1. Awareness: At this stage, a potential lead becomes aware of your business. This might happen through marketing campaigns or advertisements that your marketing team has created, or through search engines or word of mouth.
2. Consideration: Next, a potential customer will start to research your products and consider buying from you. They might shop around and compare your policies with other carriers. At this point, you want to make sure your prospect has multiple ways to contact you, ask questions or get more information.
3. Purchase: Your qualified lead is ready to become a paying customer, but the journey doesn’t end there. You need to make sure your customer understands what’s available and what will best suit their needs before buying. You want to simplify the buying process as much as possible, and be available to help your customer.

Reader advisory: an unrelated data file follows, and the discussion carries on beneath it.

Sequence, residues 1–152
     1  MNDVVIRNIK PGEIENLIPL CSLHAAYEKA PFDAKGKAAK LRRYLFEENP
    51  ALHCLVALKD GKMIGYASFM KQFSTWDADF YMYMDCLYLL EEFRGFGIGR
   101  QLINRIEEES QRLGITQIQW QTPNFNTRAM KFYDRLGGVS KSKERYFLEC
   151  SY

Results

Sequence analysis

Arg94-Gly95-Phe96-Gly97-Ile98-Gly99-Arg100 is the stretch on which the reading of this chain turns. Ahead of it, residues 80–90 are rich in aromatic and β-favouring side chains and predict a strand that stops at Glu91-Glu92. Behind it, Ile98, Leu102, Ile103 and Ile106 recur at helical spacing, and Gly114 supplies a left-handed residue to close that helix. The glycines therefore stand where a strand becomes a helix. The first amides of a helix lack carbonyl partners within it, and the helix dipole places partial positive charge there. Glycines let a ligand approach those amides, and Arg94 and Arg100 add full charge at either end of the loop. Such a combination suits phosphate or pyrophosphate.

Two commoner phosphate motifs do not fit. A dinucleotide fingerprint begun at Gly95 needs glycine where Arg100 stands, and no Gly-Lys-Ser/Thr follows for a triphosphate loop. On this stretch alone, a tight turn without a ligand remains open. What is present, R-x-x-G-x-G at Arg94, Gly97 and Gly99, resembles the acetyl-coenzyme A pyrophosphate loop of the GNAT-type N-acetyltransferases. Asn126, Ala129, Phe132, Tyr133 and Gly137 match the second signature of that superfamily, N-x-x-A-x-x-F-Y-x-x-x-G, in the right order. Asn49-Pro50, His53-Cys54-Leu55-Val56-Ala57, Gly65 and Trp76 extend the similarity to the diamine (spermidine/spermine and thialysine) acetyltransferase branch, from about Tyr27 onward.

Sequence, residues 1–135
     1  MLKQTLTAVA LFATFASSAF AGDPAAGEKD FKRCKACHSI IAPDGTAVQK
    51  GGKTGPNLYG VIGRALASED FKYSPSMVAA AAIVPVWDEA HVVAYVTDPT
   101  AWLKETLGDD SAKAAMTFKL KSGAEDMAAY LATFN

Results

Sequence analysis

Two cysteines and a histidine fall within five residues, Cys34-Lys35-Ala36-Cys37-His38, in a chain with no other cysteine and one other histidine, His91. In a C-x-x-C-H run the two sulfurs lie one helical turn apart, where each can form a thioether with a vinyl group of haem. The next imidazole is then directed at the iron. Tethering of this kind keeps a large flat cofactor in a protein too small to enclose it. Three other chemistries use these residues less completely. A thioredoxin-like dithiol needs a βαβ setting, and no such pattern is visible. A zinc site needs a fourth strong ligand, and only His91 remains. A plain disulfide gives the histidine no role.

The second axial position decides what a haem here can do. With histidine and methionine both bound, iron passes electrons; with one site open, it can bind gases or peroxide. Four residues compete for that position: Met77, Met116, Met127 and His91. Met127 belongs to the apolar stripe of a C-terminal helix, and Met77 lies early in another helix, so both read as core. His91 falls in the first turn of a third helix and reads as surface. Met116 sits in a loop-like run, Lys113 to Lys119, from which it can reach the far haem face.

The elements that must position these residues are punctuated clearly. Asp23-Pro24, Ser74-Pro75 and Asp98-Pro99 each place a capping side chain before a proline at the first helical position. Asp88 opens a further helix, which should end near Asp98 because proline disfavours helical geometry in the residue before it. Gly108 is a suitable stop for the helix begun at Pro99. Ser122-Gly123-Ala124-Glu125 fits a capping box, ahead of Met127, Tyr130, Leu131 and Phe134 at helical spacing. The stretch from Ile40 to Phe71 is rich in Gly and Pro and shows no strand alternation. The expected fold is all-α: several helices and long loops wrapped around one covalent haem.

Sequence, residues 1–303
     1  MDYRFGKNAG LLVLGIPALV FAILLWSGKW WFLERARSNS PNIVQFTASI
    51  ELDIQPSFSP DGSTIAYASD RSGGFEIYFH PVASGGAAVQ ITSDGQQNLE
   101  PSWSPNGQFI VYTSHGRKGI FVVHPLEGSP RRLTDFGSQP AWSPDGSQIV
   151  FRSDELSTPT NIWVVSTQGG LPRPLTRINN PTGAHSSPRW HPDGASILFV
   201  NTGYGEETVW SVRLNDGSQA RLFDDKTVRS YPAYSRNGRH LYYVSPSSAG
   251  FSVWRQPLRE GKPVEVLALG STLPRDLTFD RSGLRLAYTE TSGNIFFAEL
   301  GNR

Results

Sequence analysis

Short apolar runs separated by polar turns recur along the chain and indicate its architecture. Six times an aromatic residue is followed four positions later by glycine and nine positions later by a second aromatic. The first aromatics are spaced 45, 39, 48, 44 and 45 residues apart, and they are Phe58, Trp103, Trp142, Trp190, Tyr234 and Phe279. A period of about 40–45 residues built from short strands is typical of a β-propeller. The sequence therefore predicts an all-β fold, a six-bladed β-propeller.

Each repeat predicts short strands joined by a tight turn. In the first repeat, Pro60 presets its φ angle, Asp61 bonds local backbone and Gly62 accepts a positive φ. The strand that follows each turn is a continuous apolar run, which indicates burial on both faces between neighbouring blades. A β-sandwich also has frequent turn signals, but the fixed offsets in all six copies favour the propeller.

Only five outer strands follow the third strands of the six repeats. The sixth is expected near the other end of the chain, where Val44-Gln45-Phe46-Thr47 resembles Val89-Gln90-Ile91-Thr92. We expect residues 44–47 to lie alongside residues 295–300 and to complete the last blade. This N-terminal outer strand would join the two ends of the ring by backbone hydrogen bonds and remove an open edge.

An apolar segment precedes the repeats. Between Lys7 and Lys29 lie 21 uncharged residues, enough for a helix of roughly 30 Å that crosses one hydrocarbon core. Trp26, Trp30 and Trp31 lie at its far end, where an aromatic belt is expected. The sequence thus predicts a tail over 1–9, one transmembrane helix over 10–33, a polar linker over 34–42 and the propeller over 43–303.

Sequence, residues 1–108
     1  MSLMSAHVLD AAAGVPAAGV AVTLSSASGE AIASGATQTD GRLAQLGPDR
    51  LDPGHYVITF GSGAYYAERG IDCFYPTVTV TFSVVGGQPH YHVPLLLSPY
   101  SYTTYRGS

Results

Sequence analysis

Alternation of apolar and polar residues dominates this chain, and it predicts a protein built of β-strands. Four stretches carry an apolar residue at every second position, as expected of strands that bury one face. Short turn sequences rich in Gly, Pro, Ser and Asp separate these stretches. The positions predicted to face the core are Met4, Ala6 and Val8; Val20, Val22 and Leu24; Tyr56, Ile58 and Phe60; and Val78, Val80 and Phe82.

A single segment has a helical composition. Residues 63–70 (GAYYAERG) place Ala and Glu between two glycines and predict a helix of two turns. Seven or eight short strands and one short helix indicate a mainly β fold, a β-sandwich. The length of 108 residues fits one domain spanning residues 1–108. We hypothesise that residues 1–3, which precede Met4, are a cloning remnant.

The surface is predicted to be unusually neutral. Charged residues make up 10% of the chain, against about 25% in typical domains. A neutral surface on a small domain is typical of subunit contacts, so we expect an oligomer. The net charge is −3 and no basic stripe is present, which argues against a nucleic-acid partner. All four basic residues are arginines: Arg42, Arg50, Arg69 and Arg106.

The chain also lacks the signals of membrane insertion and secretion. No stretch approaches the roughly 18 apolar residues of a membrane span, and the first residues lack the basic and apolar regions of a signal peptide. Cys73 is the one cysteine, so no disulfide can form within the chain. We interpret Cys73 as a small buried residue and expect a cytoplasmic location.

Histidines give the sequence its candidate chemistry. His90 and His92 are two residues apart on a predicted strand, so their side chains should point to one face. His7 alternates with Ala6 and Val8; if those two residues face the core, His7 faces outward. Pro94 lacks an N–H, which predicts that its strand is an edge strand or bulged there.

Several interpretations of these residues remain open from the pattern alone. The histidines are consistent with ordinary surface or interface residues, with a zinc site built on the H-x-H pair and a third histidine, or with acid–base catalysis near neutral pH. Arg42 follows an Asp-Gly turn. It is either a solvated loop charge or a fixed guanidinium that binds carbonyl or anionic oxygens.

4. Retention: Gaining a new customer and keeping an existing customer requires different methods of engagement. At the retention stage, you need to continue to understand your customers’ needs, and offer new or different products as their needs change. You should also continue to communicate with your customers, and pay attention to potential areas of improvement. A robust CRM system helps tremendously, because it allows you to add, track and update your customers’ information, and receive updates when it might be time for a different product.